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Maurice Rigoler. Click the Next or Previous links below the poem to navigate between poems. Remember, Poetrysoup is an environment of encouragement and growth. Thank you.
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Good Ole Yankee Advice
Don’t be fooled by purple crocuses
or sprouting daffodils – it’s an illusion.
They’ll be under a crust of snow by morning,
and the shovels you put away last month
will have to be hauled out again.
Spring is a magician here in New England,
an expert with sleights of weather.
Don’t sigh; it could be worse. And it will.
After a day or two of warm weather and
blue skies, don’t be surprised by a nor’easter
of slamming winds and sheets of rain.
So much for forsythia and cherry blossoms.
As for your laundry, which you forgot
to take in, it now hangs everywhere in trees
throughout the neighborhood. Congratulations,
the town now has a new tradition – laundry trees!
As for the garden, those spinach and radish
seeds – all bogged down in mud and water –
don’t fret. Try growing rice, it loves water.
And you like Chinese food, anyway.
And don’t put those winter clothes away just yet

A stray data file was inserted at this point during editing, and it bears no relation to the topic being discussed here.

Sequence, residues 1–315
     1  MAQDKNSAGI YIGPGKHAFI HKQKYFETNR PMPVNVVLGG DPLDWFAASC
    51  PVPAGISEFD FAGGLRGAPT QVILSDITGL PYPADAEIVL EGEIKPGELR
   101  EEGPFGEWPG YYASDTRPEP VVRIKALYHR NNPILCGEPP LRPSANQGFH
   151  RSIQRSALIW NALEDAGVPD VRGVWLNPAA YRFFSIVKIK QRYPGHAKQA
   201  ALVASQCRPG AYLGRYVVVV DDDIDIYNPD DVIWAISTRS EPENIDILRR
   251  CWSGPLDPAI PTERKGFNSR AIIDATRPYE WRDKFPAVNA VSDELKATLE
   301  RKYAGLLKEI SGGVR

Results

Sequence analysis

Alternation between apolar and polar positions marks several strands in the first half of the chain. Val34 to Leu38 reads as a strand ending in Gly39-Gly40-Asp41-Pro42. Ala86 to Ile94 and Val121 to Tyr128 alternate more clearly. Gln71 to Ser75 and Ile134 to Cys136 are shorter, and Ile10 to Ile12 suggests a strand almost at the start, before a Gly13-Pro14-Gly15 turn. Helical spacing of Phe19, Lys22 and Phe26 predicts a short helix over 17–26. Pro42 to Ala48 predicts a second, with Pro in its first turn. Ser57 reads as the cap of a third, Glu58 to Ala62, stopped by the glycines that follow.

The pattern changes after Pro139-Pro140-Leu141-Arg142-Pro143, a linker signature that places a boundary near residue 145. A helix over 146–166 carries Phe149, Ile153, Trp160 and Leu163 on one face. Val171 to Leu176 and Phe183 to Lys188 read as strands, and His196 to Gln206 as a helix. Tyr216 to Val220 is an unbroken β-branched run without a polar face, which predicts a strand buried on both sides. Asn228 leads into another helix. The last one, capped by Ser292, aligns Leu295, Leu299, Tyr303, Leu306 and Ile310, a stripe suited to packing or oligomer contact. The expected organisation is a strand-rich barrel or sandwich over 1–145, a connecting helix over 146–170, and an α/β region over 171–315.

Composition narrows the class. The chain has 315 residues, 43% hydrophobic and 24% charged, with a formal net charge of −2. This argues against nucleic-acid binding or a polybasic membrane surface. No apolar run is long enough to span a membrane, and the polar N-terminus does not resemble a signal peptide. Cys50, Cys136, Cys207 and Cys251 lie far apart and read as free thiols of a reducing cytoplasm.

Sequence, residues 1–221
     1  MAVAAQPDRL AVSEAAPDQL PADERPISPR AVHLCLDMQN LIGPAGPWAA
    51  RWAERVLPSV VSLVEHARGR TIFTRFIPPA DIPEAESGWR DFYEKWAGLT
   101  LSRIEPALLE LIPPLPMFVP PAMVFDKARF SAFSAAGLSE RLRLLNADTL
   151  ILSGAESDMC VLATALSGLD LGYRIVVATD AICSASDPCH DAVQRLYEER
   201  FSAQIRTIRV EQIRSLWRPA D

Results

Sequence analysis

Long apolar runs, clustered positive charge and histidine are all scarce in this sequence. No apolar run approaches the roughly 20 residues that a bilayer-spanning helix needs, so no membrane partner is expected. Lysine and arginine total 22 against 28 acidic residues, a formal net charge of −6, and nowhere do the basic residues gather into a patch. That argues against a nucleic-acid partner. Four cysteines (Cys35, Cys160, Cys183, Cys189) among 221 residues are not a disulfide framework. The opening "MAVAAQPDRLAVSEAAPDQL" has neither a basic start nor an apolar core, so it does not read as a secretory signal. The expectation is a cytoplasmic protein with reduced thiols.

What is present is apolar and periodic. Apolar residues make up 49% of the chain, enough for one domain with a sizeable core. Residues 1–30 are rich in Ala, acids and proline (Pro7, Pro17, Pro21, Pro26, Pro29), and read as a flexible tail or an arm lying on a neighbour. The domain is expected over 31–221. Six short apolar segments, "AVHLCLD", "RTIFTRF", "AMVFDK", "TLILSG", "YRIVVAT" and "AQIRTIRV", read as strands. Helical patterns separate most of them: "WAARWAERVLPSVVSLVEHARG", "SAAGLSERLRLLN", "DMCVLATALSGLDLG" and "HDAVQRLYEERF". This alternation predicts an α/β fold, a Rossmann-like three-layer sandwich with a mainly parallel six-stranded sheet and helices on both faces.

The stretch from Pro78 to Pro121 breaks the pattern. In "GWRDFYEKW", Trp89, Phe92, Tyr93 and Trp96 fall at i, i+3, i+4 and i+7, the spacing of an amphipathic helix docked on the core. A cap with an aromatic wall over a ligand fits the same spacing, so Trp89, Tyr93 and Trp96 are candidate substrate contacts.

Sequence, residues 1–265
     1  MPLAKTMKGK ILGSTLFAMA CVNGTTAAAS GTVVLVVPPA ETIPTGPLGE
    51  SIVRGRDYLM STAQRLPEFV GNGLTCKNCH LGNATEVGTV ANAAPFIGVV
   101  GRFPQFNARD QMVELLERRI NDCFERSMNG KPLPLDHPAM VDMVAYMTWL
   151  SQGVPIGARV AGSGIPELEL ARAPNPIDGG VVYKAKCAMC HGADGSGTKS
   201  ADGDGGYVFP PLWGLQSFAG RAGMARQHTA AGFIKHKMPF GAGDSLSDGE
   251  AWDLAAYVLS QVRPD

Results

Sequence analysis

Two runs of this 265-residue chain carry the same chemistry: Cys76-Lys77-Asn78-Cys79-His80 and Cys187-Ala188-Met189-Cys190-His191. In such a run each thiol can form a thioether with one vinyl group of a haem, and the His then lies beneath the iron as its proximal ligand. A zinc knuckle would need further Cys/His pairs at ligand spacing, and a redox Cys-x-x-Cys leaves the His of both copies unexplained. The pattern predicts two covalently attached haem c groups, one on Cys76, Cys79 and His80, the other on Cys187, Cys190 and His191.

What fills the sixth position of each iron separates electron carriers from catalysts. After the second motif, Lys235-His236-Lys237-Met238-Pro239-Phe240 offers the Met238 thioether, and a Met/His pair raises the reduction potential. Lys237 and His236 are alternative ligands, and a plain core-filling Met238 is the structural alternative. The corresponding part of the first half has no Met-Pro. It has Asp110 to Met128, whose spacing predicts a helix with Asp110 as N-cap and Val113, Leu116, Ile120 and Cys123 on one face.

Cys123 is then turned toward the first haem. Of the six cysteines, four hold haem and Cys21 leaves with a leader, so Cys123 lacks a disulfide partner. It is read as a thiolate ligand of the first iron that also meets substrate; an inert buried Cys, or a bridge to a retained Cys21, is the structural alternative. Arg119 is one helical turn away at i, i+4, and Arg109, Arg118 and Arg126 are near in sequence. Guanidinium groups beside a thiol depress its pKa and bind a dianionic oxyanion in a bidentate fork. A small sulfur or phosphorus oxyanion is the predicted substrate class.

or those bed woolens – you’ll need them, too.
Spring temperatures often plummet well
below the freezing point, and a ferocious
hail storm is always an unwanted surprise.
And, oh, be sure not to leave the cat or dog outside.
Hailstones often get to be the size of grandma’s
dumplings, only harder. And there’s nothing more
distressing than watching Tabby or Rover being
knocked silly by pelting hailstones.
And let’s hope you didn’t forget to bring
the car indoors. The impact of large hail
on a car’s exterior is as damaging as on
egg shells. Don’t have a garage, you say?
No matter, the car will look like many others,
so it won’t stand out as different or bizarre.
You’ll be able to do your shopping as if nothing
happened...well, almost. If you can’t handle
the stares and giggling, try shopping at night;
you’ll have plenty of company.